Despite the film’s many gothic elements (the house, the portrait, keys and locks, the innovative gothic hero/heroine) it unconvincingly lurches towards horror in its final half hour. What was previously heavily implied – Miss Christina’s vampire status – is confirmed as Egor goes on a melodramatic rampage. The pacing of the film seems odd. From a slow build up in the more gothic two thirds of the film, the ‘revelation’ of Christina’s vampirism is rapid. In addition, it is not really a revelation at all for an audience immersed in film and folk lore. The rather heavy hints of bloody meat and anaemia, are joined by embodied items which suggest Egor is not dreaming when he sees Christina – she leaves behind one of her pink gloves as well as her scent of violets.

Maria gave us information about the film’s production, marketing and exhibition (see also the previous post) which shed light on the way it drew on the gothic and horror genres. Despite the film’s high production values (seen in the lavish costumes, settings, and CGI) and its obvious nod to the Hollywood blockbuster in its turn to horror towards the end, the film was released on the festival circuit. This satisfied neither the horror junkie, since the film has no jump cuts or gore, nor those, perhaps more discerning smaller audiences, hoping for a more psychological film with developed characters where we are unsure as to what is real and what is not. Maria also mentioned that Mircea Eliade’s novella apparently gave Christina a more nuanced character, acknowledging that many of the tales of her promiscuity and insistence on having peasants whipped were not true. The film represents these more straightforwardly, with Eliade’s social commentary on the crumbling of the Romanian nobility also missing. It was noted that another adaptation of the author’s work – Francis Ford Coppola’s Youth Without Youth (2007) – was similarly problematic.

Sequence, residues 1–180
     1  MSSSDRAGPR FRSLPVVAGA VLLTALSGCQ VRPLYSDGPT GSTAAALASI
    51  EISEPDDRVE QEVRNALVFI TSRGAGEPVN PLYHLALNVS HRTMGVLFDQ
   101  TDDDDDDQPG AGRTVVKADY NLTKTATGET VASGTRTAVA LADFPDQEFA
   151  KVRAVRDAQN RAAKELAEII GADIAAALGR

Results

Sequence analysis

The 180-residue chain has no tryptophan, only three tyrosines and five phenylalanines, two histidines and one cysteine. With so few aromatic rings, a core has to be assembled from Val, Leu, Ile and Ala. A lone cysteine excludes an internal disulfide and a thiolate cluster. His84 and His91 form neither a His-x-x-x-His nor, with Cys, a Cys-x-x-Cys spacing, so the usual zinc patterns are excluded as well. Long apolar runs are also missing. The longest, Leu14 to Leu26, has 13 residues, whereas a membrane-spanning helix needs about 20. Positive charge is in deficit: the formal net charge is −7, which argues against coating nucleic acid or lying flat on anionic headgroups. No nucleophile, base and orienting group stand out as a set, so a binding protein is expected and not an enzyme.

In addition to Rebecca and Jane Eyre, we also commented on other films we were reminded of. The scene in which Sanda is at her window waiting for Christina brought Nosferatu (1922) to mind. The claustrophobic and enclosing atmosphere of the film (we are mostly confined to the house and its grounds) caused us to discuss The Others (2001) since its characters are also bound to the main house and its environs. Crimson Peak (2015) was also compared to Miss Christina. Both films mixed gothic and horror elements with varying degrees of success, with the later film more strongly appealing to horror.

Many thanks to Maria for introducing us to such an interesting film which allowed for useful examination of both the gothic and horror genres, and the background information on  the film’s production, marketing and exhibition.

As ever, do log in to comment, or email me on sp458@kent.ac.uk to add your thoughts.